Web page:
Saturday, 28 January 2012

Government becomes an office landlord

The government has just announced a scheme where empty office space in public sector properties will be leased to small businesses.   The aim is to encourage entrepreneurship, and strengthen the small business sector whilst helping to generate income from public properties that will otherwise sit idle.  These are laudable aims, but I have strong reservations about the scheme in practice.

Firstly, the government is setting itself up in competition to private sector commercial landlords.  I don’t know about in London, but in much of the country there is no shortage of commercial space available at low rents and flexible about the size and duration of the lease.  It may be a big problem in London, but it is not in Leeds where the scheme was launched, or Bradford where I am based.  In fact there is a problem of too much space chasing too few tenants.  The government offering their surplus space, whilst a reasonable commercial proposition, is likely to end up undercutting the commercial offer (by offering better facilities, infrastructure. decor etc. for the same price) which in the end may lead to a lessening of total space available and in the short term may drive some commercial spaces out of business.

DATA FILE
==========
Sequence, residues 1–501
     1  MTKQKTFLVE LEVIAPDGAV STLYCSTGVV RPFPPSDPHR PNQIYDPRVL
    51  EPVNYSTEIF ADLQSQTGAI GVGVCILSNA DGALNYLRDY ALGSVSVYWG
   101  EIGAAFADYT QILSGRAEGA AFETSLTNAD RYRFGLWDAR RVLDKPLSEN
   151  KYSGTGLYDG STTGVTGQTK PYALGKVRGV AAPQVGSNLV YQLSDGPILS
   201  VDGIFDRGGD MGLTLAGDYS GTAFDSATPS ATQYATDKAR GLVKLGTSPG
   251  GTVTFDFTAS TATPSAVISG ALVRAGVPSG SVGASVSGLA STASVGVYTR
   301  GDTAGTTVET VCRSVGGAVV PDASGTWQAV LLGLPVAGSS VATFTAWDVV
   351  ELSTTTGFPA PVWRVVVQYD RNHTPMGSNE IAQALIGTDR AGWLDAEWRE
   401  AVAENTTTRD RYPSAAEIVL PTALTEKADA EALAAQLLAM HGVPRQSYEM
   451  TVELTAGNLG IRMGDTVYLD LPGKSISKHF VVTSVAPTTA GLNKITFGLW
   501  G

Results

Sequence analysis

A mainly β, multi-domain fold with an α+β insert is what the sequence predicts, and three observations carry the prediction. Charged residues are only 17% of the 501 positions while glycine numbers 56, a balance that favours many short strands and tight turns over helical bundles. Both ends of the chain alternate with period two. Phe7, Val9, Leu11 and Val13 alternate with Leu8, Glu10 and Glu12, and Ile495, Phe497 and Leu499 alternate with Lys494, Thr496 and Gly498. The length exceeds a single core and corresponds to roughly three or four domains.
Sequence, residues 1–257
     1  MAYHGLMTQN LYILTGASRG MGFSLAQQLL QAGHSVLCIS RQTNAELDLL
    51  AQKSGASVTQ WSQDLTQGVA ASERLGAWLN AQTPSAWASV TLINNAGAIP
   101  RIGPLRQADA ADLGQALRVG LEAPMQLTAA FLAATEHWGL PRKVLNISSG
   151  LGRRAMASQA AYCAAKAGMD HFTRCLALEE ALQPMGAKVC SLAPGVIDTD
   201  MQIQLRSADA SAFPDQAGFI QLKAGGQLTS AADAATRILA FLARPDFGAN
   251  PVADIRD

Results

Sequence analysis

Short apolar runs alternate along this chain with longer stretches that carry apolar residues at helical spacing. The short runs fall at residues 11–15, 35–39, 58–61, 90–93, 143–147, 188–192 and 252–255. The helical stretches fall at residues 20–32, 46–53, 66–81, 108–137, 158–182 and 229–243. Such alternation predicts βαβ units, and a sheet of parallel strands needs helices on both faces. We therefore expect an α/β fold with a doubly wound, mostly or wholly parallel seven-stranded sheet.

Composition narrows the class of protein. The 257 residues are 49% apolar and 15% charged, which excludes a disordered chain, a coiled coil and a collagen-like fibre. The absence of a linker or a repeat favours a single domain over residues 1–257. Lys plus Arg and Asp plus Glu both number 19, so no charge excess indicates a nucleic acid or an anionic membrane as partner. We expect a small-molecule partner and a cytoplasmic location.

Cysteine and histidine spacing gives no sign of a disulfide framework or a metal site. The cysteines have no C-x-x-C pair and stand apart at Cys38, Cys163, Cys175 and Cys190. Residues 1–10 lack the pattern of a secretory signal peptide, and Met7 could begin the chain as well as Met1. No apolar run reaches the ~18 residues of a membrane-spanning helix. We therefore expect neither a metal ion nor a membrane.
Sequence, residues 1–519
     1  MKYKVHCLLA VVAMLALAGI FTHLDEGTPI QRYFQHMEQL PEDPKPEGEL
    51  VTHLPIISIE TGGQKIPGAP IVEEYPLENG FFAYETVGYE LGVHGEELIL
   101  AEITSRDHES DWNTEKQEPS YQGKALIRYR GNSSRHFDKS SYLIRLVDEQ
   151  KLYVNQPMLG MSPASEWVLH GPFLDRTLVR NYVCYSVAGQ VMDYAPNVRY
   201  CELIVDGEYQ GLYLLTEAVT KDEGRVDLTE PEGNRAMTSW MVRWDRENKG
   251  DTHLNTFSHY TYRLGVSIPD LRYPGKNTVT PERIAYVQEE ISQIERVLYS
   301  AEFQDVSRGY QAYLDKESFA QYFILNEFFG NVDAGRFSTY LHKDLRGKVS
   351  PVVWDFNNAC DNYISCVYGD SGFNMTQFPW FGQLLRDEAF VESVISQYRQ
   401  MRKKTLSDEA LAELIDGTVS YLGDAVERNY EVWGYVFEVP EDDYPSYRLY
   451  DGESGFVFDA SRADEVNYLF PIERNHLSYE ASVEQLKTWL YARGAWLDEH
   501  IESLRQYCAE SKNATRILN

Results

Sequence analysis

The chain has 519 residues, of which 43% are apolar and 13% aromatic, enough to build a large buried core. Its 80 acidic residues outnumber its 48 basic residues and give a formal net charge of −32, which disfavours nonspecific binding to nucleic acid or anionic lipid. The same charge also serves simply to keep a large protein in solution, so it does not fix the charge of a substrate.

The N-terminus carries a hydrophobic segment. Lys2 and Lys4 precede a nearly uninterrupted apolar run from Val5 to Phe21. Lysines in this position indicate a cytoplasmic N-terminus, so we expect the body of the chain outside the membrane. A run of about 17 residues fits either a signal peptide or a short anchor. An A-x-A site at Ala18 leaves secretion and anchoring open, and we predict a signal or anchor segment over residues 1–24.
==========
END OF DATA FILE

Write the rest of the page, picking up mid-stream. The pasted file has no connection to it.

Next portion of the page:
Enough sympathy for the landlords (sorry Ben and Helen, who provide my office space).  The bigger worry to me is that the government is sending a message that start-up businesses need formal office space.  Some do – but they can probably look after themselves.  Obviously manufacturing tends to need dedicated premises, which is one reason it is so hard to start successfully.  Service industries, including retail these days, often do not need their own office until they are large enough to pay for them at commercial rates.  New businesses are often better setting up from the kitchen table or garage until the cash flow is strong enough.  I was based at home for nearly 10 years.  People starting off in business are sometimes seduced by the glamour of setting up, when what they need is to strip out anything that does not generate cash.  A website is a much better investment than an atrium.

Feel free to disagree.

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